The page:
Last night, I was nervous to take the D.C. metro. Given the “credible” 9/11 anniversary threats on New York City and the nation’s capital, it seemed silly to take public transportation. Regardless of my hesitance, I headed out to Adam’s Morgan to meet up with some friends at a bar. One of the guys mentioned feeling immense tension on the train. Everyone seemed to be eyeing each other and frantically looking around for suspicious characters. I definitely experienced this on my journey to D.C. and back, but chose not to be afraid. My mom advised me not to go into the city on the 10-year anniversary, and while I plan on following her order, I’m not doing so out of fear.
Truthfully, I’m tired of living in constant anxiety. Ever since the earthquake hit a few weeks ago, I’ve been on edge. My nerves only intensified when the hurricane struck. Soon after, I learned that a former professor’s son had died. My former roommate’s boyfriend’s home flooded. Last week, northern Virginia and D.C. were hit with flash flood warnings. Even scarier, D.C. has been on terror watch. For the past month, I’ve had nightmares about attacks and natural disasters, both of which never haunted my dreams before I relocated to the east coast. These days, all I do is worry about manners over which I have zero control.
But today, I made the decision to stop listening to fear-mongering media outlets and simply be thankful that it’s a nice day out. I’ve been at Starbucks all morning and the baristas provided free iced and hot coffee from 8 a.m. to 11 a.m. in memory of 9/11. The employees and customers have been chipper and in good spirits all morning, and the atmosphere is surprisingly peaceful. The sun isn’t out, but there’s no rain either. The clouds have had somewhat of a calming effect on everybody, I think.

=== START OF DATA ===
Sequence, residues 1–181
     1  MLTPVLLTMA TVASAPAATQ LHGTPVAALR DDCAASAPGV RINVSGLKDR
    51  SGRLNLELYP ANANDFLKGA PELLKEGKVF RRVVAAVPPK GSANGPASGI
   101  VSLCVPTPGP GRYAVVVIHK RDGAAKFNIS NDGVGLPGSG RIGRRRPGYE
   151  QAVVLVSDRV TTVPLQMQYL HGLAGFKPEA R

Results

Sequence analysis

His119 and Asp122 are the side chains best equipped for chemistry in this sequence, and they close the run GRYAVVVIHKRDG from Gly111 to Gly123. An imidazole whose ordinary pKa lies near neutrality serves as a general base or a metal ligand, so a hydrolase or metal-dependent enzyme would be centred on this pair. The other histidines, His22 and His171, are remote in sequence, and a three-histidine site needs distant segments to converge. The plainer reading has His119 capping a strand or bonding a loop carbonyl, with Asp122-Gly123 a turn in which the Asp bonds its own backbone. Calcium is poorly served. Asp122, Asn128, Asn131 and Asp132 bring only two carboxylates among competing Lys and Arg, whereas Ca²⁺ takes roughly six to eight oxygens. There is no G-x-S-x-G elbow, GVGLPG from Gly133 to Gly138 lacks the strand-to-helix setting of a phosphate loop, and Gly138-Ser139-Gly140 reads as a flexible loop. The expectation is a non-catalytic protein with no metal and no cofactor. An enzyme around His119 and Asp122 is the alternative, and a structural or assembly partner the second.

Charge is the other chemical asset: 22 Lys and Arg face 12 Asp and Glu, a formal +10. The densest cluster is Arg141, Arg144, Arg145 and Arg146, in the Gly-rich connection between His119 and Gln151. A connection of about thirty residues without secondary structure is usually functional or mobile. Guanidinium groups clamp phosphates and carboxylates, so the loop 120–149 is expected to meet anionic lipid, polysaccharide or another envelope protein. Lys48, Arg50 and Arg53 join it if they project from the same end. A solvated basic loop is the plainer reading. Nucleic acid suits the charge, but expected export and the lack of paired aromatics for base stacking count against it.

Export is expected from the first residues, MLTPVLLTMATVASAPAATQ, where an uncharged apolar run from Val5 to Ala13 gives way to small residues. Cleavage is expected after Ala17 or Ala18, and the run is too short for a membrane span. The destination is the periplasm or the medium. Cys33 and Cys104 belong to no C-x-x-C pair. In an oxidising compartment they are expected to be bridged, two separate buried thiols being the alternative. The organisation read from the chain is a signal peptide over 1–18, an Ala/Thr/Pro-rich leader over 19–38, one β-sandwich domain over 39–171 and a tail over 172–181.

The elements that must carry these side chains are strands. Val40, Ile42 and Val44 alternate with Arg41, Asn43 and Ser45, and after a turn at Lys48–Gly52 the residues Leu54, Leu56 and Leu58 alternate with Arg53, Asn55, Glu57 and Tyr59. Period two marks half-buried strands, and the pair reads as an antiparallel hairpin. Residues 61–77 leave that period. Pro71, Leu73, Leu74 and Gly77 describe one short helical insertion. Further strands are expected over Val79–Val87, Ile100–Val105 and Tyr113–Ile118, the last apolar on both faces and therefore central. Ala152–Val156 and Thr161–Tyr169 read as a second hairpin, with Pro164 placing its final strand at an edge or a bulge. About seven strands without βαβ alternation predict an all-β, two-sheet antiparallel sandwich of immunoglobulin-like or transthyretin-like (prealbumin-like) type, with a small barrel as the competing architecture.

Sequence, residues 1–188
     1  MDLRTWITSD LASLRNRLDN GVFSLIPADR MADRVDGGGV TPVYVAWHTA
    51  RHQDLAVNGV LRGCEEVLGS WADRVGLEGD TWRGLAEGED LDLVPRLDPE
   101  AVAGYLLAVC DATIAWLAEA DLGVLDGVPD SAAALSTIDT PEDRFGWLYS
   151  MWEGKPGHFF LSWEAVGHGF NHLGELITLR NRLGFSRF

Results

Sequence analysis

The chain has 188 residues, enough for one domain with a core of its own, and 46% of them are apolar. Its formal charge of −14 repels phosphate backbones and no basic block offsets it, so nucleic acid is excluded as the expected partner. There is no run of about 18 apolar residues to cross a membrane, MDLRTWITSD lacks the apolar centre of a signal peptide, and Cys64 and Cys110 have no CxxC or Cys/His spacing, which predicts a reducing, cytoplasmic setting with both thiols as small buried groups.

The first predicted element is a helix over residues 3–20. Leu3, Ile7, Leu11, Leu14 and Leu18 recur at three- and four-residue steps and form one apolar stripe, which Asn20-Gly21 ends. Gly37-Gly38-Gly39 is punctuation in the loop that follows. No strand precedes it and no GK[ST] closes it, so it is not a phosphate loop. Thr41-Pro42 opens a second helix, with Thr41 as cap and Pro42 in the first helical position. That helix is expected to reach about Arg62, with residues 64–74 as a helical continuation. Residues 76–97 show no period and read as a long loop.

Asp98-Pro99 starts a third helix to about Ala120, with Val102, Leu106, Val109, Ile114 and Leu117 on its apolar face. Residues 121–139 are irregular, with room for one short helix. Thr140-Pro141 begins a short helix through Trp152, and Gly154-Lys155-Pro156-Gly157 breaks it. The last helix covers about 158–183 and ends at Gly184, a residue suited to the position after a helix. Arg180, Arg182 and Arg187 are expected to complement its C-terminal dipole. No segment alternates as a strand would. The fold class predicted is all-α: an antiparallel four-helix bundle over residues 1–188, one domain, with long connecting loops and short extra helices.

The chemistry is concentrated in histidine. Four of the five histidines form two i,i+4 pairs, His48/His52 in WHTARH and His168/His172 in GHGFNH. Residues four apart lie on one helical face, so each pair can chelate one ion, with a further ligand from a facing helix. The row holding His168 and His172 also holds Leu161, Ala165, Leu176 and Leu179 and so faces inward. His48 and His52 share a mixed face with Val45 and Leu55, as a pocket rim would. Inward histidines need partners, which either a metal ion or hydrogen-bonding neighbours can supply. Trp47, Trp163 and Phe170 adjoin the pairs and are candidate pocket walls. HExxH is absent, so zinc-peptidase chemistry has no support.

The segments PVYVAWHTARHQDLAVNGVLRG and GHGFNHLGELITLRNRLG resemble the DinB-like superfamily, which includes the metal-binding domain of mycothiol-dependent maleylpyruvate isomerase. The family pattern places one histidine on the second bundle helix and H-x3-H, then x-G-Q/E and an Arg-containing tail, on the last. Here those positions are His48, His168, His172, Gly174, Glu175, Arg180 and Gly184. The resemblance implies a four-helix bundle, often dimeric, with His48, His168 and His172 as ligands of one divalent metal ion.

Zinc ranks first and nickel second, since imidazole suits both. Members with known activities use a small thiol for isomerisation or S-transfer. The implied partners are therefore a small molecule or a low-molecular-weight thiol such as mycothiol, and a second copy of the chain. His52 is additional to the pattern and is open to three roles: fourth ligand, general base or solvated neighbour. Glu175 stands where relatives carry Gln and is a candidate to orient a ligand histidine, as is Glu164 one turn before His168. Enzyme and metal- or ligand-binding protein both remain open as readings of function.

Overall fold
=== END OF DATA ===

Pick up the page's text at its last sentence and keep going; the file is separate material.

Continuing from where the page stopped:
So, I’m done freaking out over all the possibilities and will enjoy the rest of my iced vanilla latte instead:
On lighter and admittedly more superficial matters, I said goodbye to my favorite skinny jeans the other day. These pants got me through winter but no longer fit, so I put them in the back of my closet for good. I tend to eat less in cold weather because I’m too miserable to do anything but read, write, practice yoga, and sleep, so summer simultaneously boosts my appetite and mood. Perhaps I’ll be able to slip them on again before the next blizzard, but I’m not counting on it.
It doesn’t help that I live a block away from the metro, grocery store, and Chipotle. Last year, I walked practically a mile each way to the metro station, so the forced exercise kept my blood flowing during the chilliest of mornings. That’s no longer the case.
In three days, I’ll be in California. My mother has promised to take me to my favorite Mexican restaurant for dinner and we have also have plans to see “The Help.” A southern California girl at heart, she has also made appointments for us to get our toes done on Santana Row. Talk about “cool mom”! Truth be told, I’m most looking forward to the beach.